“The Folklore Akademy, recently in its study and analysis have identified various other folklore art forms which are a part of our rich cultural heritage. ‘Brahmini pattu’, ‘Chaatt Pattu’, ‘Chakra Pattu’, ‘Kadal vanchi Pattu’ and the tribal songs are the recent additions to the folklore art. There are different types of tribal and traditional songs.
The tribal songs of each ‘Ooru’ (a tribal colony) are different,” he said. […]
According to Pradeep Kumar, as per their assessment, there are nearly 1,000 folk art forms existing in Kerala, which have been passed on from generation to generation.
Source: Folk Art Forms from Far and Wide to Converge in City
Date visited: 11 August 2019
KANNUR: Nowadays, it’s rare to hear folk songs being sung by contestants belonging to the tribal communities. So, when a group of tribal girl students rendered the folk song ‘panthal patt’ at the state school youth festival on Sunday, not only was the audience enthralled, but a record was also created as the team from Government High School at Balal in Kasargod won an ‘A’ grade, a first for tribal students. | Read the full report here >>
Source: Sahla Nechiyil, Express News Service, 23rd January 2017
Date visited: 11 August 2019
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Kerala Folklore Akademi, an independent center for cultural affairs, was established on 28 june 1995. The main objective of the akademi is to promote and project the traditional art forms of Kerala.
Kerala Folklore Akademi, an autonomours center for cultural affairs, is located in Kannur. Kannur District, Kerala.The institution was constituted by the Goverment of Kerala and works under the Cultural Affairs Department, Goverment of Kerala.
The institution provides financial assistance of folk artists.Economic aid programs and academic councils are conducted to promotr the traditional Kerala art forms. The institution aims to promote and preserve the traditional art forms of Kerala. Kerala Folklore Akademi was constituted by the Goverment of Kerala on 28 June 1995 under the Cultural Affairs Department,Goverment of Kerala, Trivandrum. The Institution was formed under the Travancore Cochin Literary, Scientific and Charitable Societies Registration act of 1955. It began functioning on 20 January 1996.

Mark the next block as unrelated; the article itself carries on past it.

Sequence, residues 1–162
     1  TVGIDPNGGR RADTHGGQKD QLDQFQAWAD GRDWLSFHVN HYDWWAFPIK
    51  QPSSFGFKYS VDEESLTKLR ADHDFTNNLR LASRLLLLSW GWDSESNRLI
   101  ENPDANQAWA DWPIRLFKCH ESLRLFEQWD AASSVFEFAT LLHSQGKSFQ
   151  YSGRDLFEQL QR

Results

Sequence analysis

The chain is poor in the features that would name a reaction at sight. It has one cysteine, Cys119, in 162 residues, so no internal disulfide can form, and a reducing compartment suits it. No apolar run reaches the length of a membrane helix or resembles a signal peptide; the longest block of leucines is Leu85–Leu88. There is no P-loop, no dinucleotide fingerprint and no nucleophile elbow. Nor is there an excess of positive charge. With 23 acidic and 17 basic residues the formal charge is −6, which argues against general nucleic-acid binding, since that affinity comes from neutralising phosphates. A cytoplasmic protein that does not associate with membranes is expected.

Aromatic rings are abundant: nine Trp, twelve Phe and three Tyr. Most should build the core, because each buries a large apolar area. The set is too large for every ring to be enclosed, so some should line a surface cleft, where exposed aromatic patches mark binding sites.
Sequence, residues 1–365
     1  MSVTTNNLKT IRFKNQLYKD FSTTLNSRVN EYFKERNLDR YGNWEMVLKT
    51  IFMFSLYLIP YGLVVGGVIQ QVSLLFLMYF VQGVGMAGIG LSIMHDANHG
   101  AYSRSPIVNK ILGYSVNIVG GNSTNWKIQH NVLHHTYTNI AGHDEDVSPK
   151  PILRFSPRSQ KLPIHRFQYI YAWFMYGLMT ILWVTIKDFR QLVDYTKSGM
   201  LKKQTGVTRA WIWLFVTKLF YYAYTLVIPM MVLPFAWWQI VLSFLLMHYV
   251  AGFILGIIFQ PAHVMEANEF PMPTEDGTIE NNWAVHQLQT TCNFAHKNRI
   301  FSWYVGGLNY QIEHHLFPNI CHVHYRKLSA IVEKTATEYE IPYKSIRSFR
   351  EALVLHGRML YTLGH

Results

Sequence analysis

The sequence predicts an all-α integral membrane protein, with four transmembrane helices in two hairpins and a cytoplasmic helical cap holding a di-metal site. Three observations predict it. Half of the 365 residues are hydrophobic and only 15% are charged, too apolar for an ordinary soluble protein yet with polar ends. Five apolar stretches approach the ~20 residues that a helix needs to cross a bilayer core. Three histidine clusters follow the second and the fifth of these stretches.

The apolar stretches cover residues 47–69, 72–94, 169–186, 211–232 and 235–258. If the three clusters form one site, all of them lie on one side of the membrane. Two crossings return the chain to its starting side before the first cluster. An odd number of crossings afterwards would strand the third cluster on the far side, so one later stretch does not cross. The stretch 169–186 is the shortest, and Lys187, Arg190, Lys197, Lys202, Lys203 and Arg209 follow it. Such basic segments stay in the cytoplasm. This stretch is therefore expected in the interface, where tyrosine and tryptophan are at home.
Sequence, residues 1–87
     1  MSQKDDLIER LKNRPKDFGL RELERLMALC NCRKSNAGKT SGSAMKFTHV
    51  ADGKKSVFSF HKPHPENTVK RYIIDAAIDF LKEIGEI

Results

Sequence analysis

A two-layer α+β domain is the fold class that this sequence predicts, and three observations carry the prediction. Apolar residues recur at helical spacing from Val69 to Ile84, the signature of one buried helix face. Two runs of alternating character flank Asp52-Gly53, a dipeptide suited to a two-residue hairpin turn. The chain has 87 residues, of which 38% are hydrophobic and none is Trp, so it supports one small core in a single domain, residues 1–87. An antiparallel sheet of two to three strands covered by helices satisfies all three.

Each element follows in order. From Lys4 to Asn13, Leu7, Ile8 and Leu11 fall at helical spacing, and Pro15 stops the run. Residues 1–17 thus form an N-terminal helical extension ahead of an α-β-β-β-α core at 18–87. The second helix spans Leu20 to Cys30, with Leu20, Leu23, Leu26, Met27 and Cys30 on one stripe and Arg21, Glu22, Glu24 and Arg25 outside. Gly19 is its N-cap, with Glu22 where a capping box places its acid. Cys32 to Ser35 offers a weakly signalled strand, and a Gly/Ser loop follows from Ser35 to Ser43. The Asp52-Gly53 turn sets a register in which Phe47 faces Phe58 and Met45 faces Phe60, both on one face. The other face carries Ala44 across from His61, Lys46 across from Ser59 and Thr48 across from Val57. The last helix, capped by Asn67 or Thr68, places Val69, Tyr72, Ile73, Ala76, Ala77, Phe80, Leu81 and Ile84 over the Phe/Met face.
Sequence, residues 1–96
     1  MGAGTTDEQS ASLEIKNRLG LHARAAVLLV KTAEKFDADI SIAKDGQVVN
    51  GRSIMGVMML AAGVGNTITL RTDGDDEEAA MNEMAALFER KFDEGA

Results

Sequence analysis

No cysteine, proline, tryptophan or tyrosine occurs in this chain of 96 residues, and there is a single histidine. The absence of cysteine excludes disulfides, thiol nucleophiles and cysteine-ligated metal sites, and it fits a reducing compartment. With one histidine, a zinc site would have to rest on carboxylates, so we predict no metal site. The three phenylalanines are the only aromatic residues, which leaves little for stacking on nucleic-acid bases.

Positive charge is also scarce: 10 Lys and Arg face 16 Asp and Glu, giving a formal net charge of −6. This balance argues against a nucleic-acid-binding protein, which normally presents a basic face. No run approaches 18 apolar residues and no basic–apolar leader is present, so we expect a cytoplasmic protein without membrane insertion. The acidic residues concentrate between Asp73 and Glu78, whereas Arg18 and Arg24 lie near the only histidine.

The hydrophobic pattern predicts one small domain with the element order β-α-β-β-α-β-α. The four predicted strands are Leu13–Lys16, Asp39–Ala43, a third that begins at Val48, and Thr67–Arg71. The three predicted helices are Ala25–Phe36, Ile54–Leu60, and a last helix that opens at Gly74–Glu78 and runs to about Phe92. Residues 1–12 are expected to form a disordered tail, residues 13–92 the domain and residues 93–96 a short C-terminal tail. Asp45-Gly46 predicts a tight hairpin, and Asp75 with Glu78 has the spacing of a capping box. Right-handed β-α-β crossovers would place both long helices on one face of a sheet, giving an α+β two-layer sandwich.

Awards, Felloships and Gurupooja Puraskar to the established artists.Last year the distribution was as follows:Felloship – 3, Awards – 27, Gurupooja Puraskar – 22 A part from this, talented young artists are awarded Prasasthi Pathram also. On the name of our former Chairman late P.KKalan an award is constituted worth Rs.50000/- This year the award was given to the top most folk performing artists/researcher for their total contribution in the field of Folkelore.
Source: Kerala Folklore Akademi
Address : http://keralafolkloreakademy.com/about_us.html
Date Visited: Tue Oct 07 2014 13:20:31 GMT+0200 (CEST)
The Hindu, KANNUR, August 22, 2011
The Kerala State Folklore Akademi is planning to develop four ‘folk villages’ for preserving and displaying the unique features of rural life and culture.
The folk villages will be ‘living museums’ displaying features of indigenous rural culture, including the rich folk tradition and folk arts, the akademi’s new chairman, B. Muhammad Ahamed, told The Hindu here on Sunday. He said the folk villages would be modelled on similar projects in different parts of the world that showcased replicas of traditional cultural elements, practices, performances, skills, and craft. […]
Performance of folk arts and the ritual of Theyyam would be the major features of the folk village planned at Kannapuram, he said. A third folk village would be developed in a village in Malappuram, while the proposal to develop the fourth one in an Adivasi area to showcase Adivasi life and culture was under serious consideration. Talking about expanding the activities of the akademi, Prof. Ahamed, who had served as chairman of the akademi earlier also, said the institution was now planning to extend its activities to the southern parts of the State to popularise folk culture and create awareness among people in those areas. […]
A folklore centre was proposed in Chembai village in Palakkad district as part of this initiative […]. A similar centre was also proposed in Thiruvananthapuram district, he said. Prof. Ahamed said the akademi, established in 1995 with the objective of promoting and projecting the traditional art forms of the State, would also extend its efforts to identify folk artistes in financial difficulties and ill-health and offer them financial grant.
The development activities taken up on the premises of the akademi — located on the banks of a ‘chira’ (pond) at Chirakkal, the seat of the erstwhile Kolathiri Rajas — would also be completed, he said. A Cherusseri auditorium, which would have a statue of Cherusseri, was nearing completion and its inauguration was being planned as the first programme of the new board of the akademi. […]
The archives would house folklore items, including records and documents, from different parts of the State. The archives would be planned in a separate building on the same premises.
Folklore akademi plans ‘folk villages’ to revive public interest in the unique features of rural life.
Source: The Hindu : NATIONAL / KERALA : Space to preserve folk traditions
Address : http://www.thehindu.com/todays-paper/tp-national/tp-kerala/article2381105.ece
Date Visited: Fri Sep 02 2011 21:49:49 GMT+0200 (CEST)
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